One of Allianz’s latest recruits has the task of doubling its real estate investments in Asia-Pacific
• Graduated from St Xavier’s College in Kolkata in 2001, before completing an MBA from Narsee Monjee Institute of Management Studies in Mumbai
• Senior finance manager of GE in 2003; managing director of GE Capital Real Estate from 2009 to 2015, based in Tokyo
• Joined Lone Star Funds for nine months in 2015
• Moved to Singapore to join Allianz in September 2016
As Germany’s Allianz looks to broaden its presence in Asia’s growing insurance market, it will increase real estate investments to reflect its commitment to the region.
An Allianz report, Insurance Markets: Outlook 2027, published in July 2017, forecasts that Asia will account for about €3trn – or just over 44% – of global premiums in life and P&C (property and casualty) insurance by 2027, three times the size of these markets in 2016.
Asia will continue to be the fastest-growing region in the world, with many Asian markets experiencing double-digit growth, the report says. China will be the driving force of that growth, with its market expected to more than quadruple over the next decade, logging annual growth of almost 14%.
“Asia-Pacific is strategic to Allianz,” says Rushabh Desai, CEO for the region at Allianz Real Estate. “Allianz is looking to be a long-term player in this market. When you look at GDP growth and population demographics, Asian countries have the best secular growth rates, and many have the youngest populations. So it follows that Allianz will have investments coming through for real estate in Asia-Pacific. Our investments follow our insurance business.”
Speaking to IPE Real Assets from his Singapore office, Desai says: “It is a natural for any insurance firm to first invest in its local market before going to other markets. The trend is that Asia-Pacific will continue to become increasingly relevant for both our insurance business as well as our investments.”
Desai says the pace of Allianz investment in Asia-Pacific is linked to the growth of its insurance business – globally and regionally – and how positive its initial investment experience is.
“Once we are fully comfortable with the local nuances and local challenges, we can ramp up our investments a little bit faster than what we have been doing so far,” he says. “Currently, Allianz is funding investments in Asia-Pacific from Europe, but, as our local insurance business grows, we will have the opportunity to invest local capital in local markets.”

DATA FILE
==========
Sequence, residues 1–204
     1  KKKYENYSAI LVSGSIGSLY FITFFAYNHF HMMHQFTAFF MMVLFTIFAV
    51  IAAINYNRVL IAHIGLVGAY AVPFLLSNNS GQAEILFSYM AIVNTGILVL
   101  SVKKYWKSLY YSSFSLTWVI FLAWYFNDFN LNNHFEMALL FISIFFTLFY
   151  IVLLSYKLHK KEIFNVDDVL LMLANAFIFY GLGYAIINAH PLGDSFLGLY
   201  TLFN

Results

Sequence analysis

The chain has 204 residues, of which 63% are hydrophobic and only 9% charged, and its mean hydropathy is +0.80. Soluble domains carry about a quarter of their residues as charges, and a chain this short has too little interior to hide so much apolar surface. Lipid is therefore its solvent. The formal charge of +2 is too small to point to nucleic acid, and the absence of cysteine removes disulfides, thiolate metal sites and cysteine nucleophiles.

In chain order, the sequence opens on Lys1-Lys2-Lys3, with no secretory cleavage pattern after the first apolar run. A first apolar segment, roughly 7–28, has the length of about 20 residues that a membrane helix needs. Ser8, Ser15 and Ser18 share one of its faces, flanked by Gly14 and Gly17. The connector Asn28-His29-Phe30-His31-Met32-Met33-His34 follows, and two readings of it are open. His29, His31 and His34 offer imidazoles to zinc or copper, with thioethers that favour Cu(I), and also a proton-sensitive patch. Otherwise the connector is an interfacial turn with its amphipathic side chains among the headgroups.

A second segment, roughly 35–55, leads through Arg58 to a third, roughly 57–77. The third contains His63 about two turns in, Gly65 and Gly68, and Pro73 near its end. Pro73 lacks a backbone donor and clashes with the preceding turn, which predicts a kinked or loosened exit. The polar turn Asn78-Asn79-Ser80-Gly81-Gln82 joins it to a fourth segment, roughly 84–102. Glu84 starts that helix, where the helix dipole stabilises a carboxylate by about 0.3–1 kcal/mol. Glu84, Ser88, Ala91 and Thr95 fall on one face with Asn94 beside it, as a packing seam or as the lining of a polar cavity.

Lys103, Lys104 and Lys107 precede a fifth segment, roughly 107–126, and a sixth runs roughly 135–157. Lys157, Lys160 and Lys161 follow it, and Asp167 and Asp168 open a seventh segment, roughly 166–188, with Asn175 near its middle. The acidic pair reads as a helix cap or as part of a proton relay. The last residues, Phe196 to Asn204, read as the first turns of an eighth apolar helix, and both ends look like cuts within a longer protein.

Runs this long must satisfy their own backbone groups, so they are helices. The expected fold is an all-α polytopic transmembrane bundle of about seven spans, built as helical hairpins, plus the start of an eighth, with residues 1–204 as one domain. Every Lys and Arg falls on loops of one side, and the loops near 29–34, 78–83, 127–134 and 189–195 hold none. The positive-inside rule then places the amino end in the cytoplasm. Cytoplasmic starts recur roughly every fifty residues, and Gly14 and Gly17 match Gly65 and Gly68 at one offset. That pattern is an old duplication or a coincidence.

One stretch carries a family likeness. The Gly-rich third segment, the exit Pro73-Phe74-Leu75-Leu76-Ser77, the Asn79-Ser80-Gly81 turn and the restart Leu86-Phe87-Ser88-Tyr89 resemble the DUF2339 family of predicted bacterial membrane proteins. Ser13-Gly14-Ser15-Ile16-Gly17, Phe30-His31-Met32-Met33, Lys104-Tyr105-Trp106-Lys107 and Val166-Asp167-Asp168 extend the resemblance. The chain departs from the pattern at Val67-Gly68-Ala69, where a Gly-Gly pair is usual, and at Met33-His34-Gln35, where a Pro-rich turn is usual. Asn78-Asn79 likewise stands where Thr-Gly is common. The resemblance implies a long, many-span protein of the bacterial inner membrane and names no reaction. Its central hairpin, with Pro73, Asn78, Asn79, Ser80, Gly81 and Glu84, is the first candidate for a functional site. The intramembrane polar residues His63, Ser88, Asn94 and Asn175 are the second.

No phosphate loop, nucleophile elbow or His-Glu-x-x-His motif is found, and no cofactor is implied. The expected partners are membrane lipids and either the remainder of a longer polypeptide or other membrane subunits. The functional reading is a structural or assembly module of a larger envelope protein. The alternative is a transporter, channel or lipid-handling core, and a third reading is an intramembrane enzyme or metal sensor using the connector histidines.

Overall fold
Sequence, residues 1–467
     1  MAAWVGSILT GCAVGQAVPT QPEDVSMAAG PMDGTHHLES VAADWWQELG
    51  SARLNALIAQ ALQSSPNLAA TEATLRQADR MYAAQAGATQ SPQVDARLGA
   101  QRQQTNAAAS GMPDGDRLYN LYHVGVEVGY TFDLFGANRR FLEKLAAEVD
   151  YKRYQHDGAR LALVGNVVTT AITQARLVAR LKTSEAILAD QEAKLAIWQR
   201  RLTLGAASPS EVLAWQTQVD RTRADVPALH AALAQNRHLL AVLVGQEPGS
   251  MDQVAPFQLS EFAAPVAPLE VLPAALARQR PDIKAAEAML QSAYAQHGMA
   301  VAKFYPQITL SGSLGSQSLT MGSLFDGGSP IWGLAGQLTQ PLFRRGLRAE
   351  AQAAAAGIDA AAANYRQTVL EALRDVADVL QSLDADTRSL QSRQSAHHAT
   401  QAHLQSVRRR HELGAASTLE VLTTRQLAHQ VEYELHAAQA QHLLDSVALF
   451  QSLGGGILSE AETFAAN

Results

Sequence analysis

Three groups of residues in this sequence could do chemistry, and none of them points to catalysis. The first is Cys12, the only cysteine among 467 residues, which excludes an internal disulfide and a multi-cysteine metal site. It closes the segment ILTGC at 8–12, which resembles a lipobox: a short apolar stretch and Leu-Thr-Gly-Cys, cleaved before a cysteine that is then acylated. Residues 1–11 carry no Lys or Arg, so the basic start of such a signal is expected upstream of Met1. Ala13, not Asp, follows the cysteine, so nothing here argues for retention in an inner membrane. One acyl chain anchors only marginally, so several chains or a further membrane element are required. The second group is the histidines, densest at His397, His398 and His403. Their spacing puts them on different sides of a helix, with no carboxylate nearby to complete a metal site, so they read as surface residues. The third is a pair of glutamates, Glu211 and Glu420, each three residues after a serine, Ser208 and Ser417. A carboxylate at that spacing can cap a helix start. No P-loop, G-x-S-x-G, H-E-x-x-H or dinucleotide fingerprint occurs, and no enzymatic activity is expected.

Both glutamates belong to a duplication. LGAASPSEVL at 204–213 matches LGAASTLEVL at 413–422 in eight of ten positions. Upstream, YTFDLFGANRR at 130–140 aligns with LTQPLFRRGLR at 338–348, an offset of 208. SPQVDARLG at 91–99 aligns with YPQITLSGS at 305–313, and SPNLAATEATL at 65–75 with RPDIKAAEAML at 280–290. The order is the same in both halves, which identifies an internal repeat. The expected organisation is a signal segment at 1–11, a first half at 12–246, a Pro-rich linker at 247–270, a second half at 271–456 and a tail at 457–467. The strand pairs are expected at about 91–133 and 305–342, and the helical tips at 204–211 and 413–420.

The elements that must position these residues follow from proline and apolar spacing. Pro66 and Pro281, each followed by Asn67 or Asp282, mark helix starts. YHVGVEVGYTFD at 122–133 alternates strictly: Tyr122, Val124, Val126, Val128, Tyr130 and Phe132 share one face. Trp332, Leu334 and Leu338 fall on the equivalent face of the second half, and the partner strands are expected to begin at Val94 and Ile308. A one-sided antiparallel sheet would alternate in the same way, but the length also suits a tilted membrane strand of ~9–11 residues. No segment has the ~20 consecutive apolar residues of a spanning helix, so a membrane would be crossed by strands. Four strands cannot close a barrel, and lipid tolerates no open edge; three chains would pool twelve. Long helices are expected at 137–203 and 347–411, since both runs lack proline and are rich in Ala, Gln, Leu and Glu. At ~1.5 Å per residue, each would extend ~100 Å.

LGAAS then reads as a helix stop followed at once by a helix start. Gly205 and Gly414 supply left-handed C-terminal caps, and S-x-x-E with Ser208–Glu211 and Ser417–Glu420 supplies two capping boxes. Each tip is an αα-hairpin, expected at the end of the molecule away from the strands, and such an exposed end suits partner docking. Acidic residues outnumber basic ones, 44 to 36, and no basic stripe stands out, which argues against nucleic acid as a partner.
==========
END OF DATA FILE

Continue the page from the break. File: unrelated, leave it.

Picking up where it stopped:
About €1.8bn of Allianz’s global real estate exposure is in Asia-Pacific. The bulk of its €55bn of total real estate investments is in Europe, followed by the US.
Desai says that, apart from potentially matching Allianz liabilities in the region, Asia-Pacific provides an “excellent” diversification option for the group’s investments.
The ambition is to double Asian exposure to €3.7bn – or 5% – by the end of 2020.
When Desai joined Allianz in September 2016, the firm had €500m invested in the region, compared with €14bn-15bn in the US. His brief was to build up its real estate presence in Asia.
In Asia-Pacific, Allianz started with discretionary commingled fund investments, before moving to a non-discretionary approach via co-investments and clubs. It is now closer to pursuing direct investments.
Initial investments have been placed via regional fund managers, including Australia’s
Charter Hall Group, Singapore’s Keppel Capital, Hong Kong’s Gaw Capital, and regional logistics specialist ESR. Allianz has also been investing through TH Real Estate, Blackstone and The Carlyle Group.
“We are not looking to time the market, rather we aim at creating annuity for perpetuity,” says Desai. “We would like to create a portfolio across vintages, of quality assets and with quality and scalable partners/operators, which can outperform the market cycle.”
China and India loom large as his two key target markets. In August 2017, Allianz finalised a co-investment with Keppel Group to acquire Shanghai’s Hongkou Soho for US$525m. Allianz also participated as an investor in Keppel’s latest offering, Alpha Asia Macro Trends Fund III. And Allianz has also become a cornerstone investor, with US$225m in equity, in a China fund sponsored by TH Real Estate. The entity, ERES APAC II–China Outlets, is a core-plus, closed-ended fund with two seed assets.
“We would like to create a portfolio across vintages, of quality assets and with quality and scalable partners/operators, which can outperform the market cycle”
Desai says the outlet mall fund will have equity commitments totalling US$750m and, with gearing, a total capacity greater than US$1.5bn to invest in luxury outlet malls in China.
The fund’s initial acquisitions are Florentia Village Jinglin (located between Beijing and Tianjin) and Florentia Village Shanghai, both previously owned by the Silk Road Holdings consortium, which includes Gaw Capital Gateway Fund III.
The Florentia Village Malls in China house 200 big international luxury brands, and will continue to be managed by RDM Asia, part of Italy’s Fingen Group.